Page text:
National Economic Council (NEC) Director Gary Cohn is reportedly President Donald Trump’s top choice to replace Federal Reserve Chairwoman Janet Yellen.
Trump is strongly considering dropping Yellen at the end of her term in 2018 in favor of Cohn, four sources familiar with the matter told Politico.
If the president does indeed choose to promote the NEC director as the world’s most influential central banker, he would be drawing a line between those within his administration that have an anti-globalist economic agenda, championed by senior advisor Steve Bannon, and those that prefer pro-free trade, traditional Republican market-oriented policies.
Conservative members of Congress are not fans of Cohn, given his history of donating to Democratic candidates, like Sen. Chuck Schumer of New York, former Secretary of State Hillary Clinton and large donations to the Democratic Congressional and Senatorial Campaign Committees.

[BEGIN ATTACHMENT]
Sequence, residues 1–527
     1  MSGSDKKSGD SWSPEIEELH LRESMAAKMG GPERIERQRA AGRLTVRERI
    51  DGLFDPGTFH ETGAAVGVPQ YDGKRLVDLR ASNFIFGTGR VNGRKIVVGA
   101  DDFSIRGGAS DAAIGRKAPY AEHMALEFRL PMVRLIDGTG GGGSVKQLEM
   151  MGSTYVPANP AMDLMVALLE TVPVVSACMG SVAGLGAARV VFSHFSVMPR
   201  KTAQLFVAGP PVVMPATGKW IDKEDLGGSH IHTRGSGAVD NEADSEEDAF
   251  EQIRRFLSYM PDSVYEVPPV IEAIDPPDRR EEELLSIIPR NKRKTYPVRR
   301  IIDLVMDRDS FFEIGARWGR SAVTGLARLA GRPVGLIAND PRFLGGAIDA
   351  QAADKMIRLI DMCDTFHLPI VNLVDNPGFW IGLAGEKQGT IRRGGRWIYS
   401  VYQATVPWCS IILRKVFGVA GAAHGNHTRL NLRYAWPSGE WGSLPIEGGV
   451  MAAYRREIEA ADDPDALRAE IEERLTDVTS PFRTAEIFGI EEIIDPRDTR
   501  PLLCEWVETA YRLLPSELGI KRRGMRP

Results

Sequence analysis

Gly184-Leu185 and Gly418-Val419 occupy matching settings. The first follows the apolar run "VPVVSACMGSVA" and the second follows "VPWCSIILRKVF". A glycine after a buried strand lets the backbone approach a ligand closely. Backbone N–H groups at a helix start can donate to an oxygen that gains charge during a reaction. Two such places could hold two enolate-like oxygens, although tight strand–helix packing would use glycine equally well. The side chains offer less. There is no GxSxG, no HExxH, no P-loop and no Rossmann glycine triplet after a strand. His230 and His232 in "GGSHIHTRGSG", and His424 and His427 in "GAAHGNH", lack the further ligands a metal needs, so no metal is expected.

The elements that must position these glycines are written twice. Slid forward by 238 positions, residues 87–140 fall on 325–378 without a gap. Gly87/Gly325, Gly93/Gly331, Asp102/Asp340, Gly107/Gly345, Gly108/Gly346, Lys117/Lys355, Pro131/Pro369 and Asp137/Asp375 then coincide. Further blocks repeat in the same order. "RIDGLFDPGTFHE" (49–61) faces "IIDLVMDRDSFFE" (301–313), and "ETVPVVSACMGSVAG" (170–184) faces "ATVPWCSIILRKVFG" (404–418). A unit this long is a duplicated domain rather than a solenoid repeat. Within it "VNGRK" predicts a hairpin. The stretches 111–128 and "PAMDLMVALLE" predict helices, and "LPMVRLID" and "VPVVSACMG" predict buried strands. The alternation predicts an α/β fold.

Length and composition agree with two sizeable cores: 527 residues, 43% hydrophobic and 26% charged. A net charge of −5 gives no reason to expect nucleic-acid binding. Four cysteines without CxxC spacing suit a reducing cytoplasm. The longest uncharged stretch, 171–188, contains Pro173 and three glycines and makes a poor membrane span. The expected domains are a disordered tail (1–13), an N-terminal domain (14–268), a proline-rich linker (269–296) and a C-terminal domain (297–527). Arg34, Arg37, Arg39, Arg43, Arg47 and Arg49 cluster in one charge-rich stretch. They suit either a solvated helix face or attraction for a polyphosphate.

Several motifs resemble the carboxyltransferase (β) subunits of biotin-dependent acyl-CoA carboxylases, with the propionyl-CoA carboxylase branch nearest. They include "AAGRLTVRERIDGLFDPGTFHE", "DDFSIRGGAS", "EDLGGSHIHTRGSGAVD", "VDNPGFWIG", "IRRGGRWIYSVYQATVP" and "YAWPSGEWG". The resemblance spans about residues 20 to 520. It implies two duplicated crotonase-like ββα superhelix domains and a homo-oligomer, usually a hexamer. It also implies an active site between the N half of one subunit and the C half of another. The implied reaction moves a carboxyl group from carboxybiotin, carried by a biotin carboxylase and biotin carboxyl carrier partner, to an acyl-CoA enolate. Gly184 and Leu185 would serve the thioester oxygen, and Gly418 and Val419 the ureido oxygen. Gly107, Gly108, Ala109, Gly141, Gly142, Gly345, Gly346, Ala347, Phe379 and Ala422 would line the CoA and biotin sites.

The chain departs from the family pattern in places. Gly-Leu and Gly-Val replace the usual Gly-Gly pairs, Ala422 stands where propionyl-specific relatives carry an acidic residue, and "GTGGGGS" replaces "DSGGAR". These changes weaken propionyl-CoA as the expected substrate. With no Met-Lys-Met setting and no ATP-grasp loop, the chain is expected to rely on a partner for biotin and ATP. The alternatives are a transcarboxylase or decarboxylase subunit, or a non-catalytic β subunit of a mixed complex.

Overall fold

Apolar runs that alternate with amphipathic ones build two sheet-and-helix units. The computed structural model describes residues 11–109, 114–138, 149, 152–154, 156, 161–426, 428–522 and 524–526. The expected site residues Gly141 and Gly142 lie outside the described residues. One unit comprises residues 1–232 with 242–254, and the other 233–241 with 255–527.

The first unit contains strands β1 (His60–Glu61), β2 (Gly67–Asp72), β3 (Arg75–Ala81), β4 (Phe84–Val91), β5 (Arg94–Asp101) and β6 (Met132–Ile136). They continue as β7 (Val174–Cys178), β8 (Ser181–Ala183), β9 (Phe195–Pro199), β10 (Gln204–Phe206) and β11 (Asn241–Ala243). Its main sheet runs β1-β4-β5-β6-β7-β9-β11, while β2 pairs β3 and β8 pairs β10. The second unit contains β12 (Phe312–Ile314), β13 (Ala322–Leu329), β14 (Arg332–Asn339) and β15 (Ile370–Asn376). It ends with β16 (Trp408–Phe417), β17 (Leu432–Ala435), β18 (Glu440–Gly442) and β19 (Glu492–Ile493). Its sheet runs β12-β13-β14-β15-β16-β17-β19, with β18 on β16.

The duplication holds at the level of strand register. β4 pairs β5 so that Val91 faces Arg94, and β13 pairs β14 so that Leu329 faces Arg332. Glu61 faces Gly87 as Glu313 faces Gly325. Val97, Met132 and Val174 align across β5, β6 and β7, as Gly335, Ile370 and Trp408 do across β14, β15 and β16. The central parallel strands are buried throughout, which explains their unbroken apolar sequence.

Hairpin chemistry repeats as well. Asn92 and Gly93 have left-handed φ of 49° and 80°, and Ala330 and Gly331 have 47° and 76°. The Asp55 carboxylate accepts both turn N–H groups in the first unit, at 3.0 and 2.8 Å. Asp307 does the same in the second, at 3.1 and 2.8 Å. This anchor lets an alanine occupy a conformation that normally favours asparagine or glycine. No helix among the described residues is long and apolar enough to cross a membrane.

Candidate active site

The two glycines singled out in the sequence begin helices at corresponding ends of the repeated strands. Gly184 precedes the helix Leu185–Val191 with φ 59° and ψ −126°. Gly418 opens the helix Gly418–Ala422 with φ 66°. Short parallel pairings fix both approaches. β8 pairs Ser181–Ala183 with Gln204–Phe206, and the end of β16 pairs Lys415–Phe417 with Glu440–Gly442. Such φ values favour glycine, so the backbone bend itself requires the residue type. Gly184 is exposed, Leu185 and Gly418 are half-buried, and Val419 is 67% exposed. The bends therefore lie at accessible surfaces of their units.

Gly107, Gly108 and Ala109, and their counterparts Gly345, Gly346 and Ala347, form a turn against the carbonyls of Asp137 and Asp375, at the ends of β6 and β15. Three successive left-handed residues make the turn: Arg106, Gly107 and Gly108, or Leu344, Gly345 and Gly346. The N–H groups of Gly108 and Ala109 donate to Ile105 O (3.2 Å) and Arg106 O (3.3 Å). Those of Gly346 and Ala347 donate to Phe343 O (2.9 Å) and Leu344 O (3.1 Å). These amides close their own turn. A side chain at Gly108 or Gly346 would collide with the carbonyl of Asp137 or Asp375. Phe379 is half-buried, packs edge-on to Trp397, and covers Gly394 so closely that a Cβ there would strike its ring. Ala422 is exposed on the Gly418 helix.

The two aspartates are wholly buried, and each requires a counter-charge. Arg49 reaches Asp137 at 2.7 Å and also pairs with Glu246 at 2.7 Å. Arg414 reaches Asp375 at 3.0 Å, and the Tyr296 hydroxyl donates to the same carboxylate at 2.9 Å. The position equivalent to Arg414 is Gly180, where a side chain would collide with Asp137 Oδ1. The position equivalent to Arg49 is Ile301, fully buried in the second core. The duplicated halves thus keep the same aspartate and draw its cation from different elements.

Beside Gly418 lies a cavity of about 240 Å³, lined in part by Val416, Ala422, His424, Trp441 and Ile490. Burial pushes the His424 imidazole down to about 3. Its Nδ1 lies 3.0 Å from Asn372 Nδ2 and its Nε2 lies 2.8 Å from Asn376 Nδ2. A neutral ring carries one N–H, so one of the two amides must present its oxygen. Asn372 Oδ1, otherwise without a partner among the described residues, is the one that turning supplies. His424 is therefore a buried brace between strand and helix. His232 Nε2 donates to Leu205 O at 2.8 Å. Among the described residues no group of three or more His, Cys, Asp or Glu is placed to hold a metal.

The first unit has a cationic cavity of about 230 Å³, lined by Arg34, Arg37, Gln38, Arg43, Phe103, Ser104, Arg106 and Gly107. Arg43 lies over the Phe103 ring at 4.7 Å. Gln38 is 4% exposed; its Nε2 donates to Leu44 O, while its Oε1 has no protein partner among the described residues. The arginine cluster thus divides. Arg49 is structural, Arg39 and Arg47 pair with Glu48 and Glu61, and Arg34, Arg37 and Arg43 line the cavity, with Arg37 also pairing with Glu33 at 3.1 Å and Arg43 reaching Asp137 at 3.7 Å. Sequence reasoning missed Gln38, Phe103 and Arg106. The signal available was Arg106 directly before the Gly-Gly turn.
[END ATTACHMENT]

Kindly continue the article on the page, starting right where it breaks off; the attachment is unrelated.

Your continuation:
On the other side of the aisle, Democrats have targeted Cohn for his history as one of Wall Street’s most powerful bankers. Cohn previously served as president of Goldman Sachs.
If appointed, Cohn would be at the helm of one of the more interesting, fragile times for the central bank since the onset of the Great Recession in 2007. Yellen only started raising interest rates in the final quarter of 2016, after years of carefully monitoring key economic indicators like unemployment, inflation and short and long-term bond yields.
Cohn would also be at the helm of Trump’s major deregulatory effort–a key campaigning point of his 2016 presidential push. Arguably the biggest undertaking Cohn would lead, besides monitoring economic conditions, would be the roll back of the 2010 Dodd-Frank Act.
The director has some support from both Democrats and Republicans in the Senate Finance Banking Committee.
Cohn and Treasury Secretary Steve Mnuchin are charged with helping Trump find the next Fed chair, which could work to cause some conflict of interest allegations, as Cohn could essentially recommend himself for the position.
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